Tobold's Blog
Sunday, March 09, 2014
Toxic nostalgia

Stealth games are not part of the list of my favorite genres. I did play some, like Deus Ex: Human Revolution or Dishonored, but these are more the kind of games I don't buy on release but pick up for half price at a Steam sale if the reviews are good. So I didn't play Thief. But I read a couple of reviews on Metacritic, which gave it an aggregated review score of 68, not great. And of course every single review refers to the original Thief from 1998, which has a Metacritic score of 92. And I couldn't help but wonder if the review scores would have been different if the same game would have had a different name.

I am seeing more and more games which I would consider to be of medium quality released with names of great games from the past. There are a few games that end up being about as good as their predecessors from the last century (e.g. XCOM: Enemy Unknown, Deus Ex: Human Revolution), but the majority look more like an attempt to sell a middling game with an appeal to nostalgia. I don't know if that has a positive effect on sales, but it seems to me that it has a negative effect on reviews: Expectations aren't met, and reviewers end up not being able to judge a game on its own merits, because the unfavorable comparison with a great game from the past gets in the way.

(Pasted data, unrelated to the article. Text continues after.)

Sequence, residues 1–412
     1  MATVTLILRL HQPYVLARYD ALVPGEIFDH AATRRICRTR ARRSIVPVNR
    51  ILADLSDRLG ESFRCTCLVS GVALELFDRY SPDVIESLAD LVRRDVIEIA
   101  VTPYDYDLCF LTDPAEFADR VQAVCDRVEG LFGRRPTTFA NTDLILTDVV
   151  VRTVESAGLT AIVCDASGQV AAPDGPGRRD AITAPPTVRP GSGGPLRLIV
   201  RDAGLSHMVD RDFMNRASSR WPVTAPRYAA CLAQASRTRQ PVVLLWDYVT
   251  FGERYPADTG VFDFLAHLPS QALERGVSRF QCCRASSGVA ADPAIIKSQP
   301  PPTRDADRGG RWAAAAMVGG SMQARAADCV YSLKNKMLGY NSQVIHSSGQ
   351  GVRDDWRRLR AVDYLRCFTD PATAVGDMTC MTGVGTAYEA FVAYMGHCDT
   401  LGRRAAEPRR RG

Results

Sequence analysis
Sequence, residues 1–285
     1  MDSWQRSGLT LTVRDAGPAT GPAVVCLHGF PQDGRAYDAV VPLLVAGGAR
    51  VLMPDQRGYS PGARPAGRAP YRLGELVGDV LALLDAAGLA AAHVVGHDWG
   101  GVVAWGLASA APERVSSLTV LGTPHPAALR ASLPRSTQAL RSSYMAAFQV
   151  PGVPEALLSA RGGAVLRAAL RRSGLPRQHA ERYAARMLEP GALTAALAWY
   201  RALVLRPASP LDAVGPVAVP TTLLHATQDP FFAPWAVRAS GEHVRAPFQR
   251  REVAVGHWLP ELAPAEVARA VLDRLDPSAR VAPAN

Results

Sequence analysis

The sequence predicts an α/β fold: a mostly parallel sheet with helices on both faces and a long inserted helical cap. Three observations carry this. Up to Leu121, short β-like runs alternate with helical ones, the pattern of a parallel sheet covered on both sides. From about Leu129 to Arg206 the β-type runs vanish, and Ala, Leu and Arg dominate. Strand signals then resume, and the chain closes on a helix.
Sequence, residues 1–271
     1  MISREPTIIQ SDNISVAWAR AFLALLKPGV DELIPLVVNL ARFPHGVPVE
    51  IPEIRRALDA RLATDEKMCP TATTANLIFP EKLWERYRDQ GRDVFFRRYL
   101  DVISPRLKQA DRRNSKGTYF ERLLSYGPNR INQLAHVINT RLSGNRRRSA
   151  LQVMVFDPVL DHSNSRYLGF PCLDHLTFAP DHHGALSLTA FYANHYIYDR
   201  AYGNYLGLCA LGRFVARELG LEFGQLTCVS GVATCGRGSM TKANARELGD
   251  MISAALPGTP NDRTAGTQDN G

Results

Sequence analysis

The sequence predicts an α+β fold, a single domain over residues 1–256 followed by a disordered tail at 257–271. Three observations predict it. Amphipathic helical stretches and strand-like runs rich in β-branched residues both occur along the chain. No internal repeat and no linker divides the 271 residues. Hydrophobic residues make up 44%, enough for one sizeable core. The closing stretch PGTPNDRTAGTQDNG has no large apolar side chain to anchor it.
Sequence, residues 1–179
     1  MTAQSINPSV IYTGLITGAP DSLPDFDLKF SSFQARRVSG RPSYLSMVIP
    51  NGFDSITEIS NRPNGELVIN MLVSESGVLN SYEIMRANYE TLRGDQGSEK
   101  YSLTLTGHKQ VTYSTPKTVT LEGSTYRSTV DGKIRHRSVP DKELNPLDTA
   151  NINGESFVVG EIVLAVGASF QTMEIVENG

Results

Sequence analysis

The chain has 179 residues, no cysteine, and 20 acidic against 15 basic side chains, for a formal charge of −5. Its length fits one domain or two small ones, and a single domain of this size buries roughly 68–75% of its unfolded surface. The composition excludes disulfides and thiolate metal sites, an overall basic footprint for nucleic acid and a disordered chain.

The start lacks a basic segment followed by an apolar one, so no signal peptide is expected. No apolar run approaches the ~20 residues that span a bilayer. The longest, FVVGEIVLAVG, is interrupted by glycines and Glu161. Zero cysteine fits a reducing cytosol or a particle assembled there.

I'm not sure how many people buy a game unseen just because they are nostalgic about its name. What I consider far more deceptive is the use of nostalgia on crowdfunding platforms like Kickstarter. For Thief I at least have the option to wait for the reviews. By definition your decision about whether to back a Kickstarter project can only be based on promises. And quite often that promise is based on past greatness, somebody wanting to make a game "just like the great ". Or even worse, somebody who was a developer on some great game and now claims that this game was great because of him, and that necessarily his next game will be just as great. To me all that sounds like a recipe for leading people into bad decisions they will regret later.

I don't believe great games are the result of a single great idea that is easy to replicate, nor are they the result of the genius of a single person. The history of gaming is full of names of developers who made a great game or great series of games, only to then create a bunch of unremarkable games. And it is full of bad clone games, where somebody tried to copy a great idea but failed to make a great game. Buying or backing a game because of a name is a mental shortcut that is statistically unlikely to lead to a good result.

I'd figured as much as far as Thief goes. I don't like stealth games or repetitive grindy maze games so from what I've read I would hate the original.

I got a cheap Steam key (19 euro's) of the new Thief and have been enjoying it though. It has some presentation issues but I am enjoying it more than Dishonored.

This is why I tend to watch the first few episodes of a "lets play" rather than take too much notice of reviews.

Reviewers by their nature are more likely to be swayed and have their judgement distorted by a name. I don't know why they have so much trouble understanding the difference between a sequel and a reboot.

For me personally the name just adds a bit of heritage to the games but makes no difference one way or another in terms of my expectations. I don't know why, but knowing that it has a bit of history and heritage (even there is little relation to the original) does make it more attractive than a new IP. So for me personally using the name of an old title can have positives but no negatives.